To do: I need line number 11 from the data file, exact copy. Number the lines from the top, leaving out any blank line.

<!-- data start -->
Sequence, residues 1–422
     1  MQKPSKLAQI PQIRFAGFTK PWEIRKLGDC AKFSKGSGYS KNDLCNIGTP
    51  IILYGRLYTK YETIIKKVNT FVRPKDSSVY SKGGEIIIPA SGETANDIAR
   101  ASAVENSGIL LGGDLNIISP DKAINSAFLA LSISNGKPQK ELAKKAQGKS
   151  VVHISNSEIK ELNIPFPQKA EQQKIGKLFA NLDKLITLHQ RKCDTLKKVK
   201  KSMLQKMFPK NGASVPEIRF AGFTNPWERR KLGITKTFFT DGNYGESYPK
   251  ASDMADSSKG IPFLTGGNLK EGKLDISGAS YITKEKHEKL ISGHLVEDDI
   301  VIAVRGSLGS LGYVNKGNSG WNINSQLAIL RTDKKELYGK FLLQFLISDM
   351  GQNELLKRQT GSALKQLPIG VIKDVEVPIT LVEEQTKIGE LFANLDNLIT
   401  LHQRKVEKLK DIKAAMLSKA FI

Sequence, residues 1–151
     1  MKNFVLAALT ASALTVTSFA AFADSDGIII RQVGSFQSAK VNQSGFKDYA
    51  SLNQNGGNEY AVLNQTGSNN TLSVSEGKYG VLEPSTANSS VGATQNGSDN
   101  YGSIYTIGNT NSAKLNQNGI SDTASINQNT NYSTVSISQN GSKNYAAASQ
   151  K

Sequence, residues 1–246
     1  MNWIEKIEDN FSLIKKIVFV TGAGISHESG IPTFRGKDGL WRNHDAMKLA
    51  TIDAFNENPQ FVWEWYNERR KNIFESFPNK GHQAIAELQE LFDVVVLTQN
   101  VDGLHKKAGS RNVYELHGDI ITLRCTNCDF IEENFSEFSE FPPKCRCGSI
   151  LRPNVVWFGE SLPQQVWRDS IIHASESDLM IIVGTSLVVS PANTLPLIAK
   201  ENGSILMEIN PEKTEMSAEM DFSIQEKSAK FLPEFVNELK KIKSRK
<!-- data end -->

Sequence, residues 1–151